The vagus nerve has multiple branches that innervate many of our organs, including the heart, lungs and stomach, and much more. However, a new Swiss study by Melanie Klarer et al published in May this year in the Journal of Neuroscience, has shown how afferent vagus pathways are able to modulate our fear and anxiety response, and also affect our ability to ‘un-learn’ previously conditioned fear responses.
Around 80% or more of the vagus nerve fibres are dedicated to sending signals to the brain about the state of the viscera and it is known that healthy vagus nerve communication from gut to brain helps to slow down the fear response, by using neurotransmitters such as acetylcholine and GABA – lowering heart rate and blood pressure and encouraging the parasympathetic response of ‘rest and digest’.
So, for this study, the team at ETH Zurich dissected these afferent nerve fibres to the stomach, to study how interrupting this feedback loop might affect brain and cognitive function.
The researchers were especially interested in the link between innate anxiety and ‘learned’ or ‘conditioned’ fear – in the tests the brain was still able to send signals to the stomach but the brain could not ‘hear’ the stomach’s vagal response.
In anxiety-behaviour experiments, rats without vagal feedback from the gut demonstrated two main findings – a reduced innate fear (e.g. to bright lights, open spaces etc) but also a longer retention of previously learned fears. This confirms the importance of healthy vagal tone to overcome fear conditioning.
Furthermore, the loss of the gut vagus signal altered the production of adrenaline and GABA in the brain, meaning that the rats took much longer to re-associate sounds previously associated with a negative stimulus with a new ‘safe’ or neutral situation.
The Implications for PTSD
Hence these new findings may eventually shine a light on developing new treatments for PTSD (post-traumatic stress disorder) – stimulation or normalisation of the vagus nerve may help people to reassociate non-threatening stimuli which became traumatically associated with triggering fear/anxiety, with a new neutral or non-traumatic experience/response. Vagus nerve stimulation (VNS) is currently used to treat epilepsy and depression, but its efficacy remains controversial.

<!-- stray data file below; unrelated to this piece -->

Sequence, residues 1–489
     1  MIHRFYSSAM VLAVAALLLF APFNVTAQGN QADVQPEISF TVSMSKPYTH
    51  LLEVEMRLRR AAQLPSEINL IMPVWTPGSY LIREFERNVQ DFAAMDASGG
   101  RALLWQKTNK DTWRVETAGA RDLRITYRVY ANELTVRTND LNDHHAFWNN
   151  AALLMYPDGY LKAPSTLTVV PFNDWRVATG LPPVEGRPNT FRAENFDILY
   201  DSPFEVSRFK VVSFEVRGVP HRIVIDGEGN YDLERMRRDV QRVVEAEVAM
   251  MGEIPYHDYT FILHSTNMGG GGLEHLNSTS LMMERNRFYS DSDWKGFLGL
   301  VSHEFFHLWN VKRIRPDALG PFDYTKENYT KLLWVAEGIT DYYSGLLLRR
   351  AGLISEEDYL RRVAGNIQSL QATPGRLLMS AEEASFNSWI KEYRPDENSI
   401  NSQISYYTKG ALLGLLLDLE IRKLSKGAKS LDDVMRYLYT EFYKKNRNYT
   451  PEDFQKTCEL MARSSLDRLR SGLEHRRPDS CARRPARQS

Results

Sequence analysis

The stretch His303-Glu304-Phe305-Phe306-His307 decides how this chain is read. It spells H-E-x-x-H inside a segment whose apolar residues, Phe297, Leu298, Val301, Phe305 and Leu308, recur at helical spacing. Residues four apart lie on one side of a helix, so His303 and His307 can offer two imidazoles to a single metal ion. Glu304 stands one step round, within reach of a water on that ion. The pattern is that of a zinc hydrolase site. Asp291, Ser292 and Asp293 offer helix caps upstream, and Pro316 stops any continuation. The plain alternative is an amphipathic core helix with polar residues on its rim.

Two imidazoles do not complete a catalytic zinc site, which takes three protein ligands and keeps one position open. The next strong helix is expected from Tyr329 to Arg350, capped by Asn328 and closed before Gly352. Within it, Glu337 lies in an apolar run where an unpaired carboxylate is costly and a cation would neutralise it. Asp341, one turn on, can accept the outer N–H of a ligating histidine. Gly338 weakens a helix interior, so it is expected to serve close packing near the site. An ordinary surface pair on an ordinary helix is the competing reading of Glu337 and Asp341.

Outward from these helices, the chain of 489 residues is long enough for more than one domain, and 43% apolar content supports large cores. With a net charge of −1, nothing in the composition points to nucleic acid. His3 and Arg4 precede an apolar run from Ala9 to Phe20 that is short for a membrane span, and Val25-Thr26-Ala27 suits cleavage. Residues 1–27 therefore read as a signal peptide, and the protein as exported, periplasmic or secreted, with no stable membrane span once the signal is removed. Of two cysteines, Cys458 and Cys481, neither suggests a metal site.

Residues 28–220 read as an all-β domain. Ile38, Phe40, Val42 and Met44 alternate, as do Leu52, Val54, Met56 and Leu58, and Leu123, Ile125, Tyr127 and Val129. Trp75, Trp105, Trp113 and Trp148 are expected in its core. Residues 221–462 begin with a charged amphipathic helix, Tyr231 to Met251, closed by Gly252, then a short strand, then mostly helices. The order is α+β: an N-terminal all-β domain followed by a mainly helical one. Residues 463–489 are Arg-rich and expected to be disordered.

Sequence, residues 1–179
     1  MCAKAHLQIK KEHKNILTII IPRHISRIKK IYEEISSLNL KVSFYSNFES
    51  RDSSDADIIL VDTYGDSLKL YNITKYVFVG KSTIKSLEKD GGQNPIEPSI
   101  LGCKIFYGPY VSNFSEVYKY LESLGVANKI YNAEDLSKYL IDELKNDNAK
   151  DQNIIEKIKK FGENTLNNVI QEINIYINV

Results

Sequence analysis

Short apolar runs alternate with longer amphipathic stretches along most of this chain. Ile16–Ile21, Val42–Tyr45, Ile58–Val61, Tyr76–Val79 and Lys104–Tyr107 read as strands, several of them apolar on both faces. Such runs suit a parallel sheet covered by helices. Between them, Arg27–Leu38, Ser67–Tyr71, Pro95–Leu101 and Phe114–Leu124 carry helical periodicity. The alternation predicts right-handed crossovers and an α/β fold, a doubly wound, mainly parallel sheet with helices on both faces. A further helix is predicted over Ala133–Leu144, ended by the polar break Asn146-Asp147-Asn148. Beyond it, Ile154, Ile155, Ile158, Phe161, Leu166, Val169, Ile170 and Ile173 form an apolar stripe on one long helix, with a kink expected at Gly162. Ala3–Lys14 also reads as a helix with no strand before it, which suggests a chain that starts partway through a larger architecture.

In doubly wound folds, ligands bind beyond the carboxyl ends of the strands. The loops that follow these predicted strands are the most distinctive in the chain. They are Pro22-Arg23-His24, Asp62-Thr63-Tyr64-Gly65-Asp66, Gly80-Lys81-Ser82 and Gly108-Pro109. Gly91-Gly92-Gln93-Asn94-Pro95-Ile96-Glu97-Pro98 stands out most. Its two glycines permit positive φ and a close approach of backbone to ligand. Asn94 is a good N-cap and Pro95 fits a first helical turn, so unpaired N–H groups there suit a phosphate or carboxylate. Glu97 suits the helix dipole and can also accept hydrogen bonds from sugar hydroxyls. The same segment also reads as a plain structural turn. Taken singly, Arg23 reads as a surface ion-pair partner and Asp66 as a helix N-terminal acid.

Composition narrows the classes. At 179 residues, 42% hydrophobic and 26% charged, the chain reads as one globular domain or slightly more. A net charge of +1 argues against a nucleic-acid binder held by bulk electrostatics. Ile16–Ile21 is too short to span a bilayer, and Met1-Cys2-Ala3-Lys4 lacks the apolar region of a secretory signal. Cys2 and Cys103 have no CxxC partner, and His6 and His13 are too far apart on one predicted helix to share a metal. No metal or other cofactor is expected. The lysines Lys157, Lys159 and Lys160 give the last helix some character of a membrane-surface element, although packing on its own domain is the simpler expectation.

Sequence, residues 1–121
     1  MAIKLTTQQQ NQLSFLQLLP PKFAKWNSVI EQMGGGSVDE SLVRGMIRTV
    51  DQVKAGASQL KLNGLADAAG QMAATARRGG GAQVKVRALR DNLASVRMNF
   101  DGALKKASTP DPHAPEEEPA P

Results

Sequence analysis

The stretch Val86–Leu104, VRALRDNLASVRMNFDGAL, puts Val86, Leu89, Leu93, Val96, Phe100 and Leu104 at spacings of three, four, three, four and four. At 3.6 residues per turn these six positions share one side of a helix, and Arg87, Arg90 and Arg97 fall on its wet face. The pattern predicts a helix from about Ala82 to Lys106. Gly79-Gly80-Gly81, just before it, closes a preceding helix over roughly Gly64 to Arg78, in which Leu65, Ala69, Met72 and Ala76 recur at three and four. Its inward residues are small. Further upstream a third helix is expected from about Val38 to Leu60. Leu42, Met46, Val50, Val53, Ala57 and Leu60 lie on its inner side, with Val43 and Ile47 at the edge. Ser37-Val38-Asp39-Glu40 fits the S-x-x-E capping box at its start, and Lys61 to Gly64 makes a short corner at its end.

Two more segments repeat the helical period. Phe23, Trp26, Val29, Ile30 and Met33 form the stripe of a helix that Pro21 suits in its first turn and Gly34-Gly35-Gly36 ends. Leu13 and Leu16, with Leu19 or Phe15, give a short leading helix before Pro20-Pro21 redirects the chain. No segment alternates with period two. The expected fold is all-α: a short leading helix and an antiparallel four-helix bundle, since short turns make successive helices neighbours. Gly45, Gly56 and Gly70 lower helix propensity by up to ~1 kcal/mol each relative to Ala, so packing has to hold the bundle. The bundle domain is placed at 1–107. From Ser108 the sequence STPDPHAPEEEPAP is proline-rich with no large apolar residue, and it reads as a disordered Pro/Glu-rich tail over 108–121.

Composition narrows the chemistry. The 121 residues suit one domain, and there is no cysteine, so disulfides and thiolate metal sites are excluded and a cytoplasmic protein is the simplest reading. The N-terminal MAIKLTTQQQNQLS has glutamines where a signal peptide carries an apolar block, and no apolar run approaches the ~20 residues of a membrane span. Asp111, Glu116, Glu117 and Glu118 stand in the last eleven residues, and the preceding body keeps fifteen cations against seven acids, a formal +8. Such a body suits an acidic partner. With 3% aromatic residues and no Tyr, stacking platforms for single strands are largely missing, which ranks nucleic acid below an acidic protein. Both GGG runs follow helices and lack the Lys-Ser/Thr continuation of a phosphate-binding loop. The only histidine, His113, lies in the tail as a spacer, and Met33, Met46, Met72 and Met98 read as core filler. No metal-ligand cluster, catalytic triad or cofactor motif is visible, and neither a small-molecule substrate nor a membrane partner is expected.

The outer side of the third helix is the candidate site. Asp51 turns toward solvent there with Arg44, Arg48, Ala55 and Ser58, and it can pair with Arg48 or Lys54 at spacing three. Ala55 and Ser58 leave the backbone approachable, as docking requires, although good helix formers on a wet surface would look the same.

In a press release Urs Meyer stated:
“We were able to show for the first time that the selective interruption of the signal path from the stomach to the brain changed complex behavioural patterns. This has traditionally been attributed to the brain alone. The study shows clearly that the stomach also has a say in how we respond to fear; however, what it says, i.e. precisely what it signals, is not yet clear.”
This short video from 2011 also discusses the possible use of VNS for patients with PTSD:
Read here, from half way down the page ‘Activating the Vagus Nerve Without Machinery‘ for a quick run-down of some ways to improve vagus function or to stimulate the vagus pathway:
Insightful Nutrition – Orthomolecular Health and Nutrition – ‘Activating the Vagus Pathway’
1. Klarer, M. et al. Gut Vagal Afferents Differentially Modulate Innate Anxiety and Learned Fear. J. Neurosci. 34 , 7067–7076 (2014).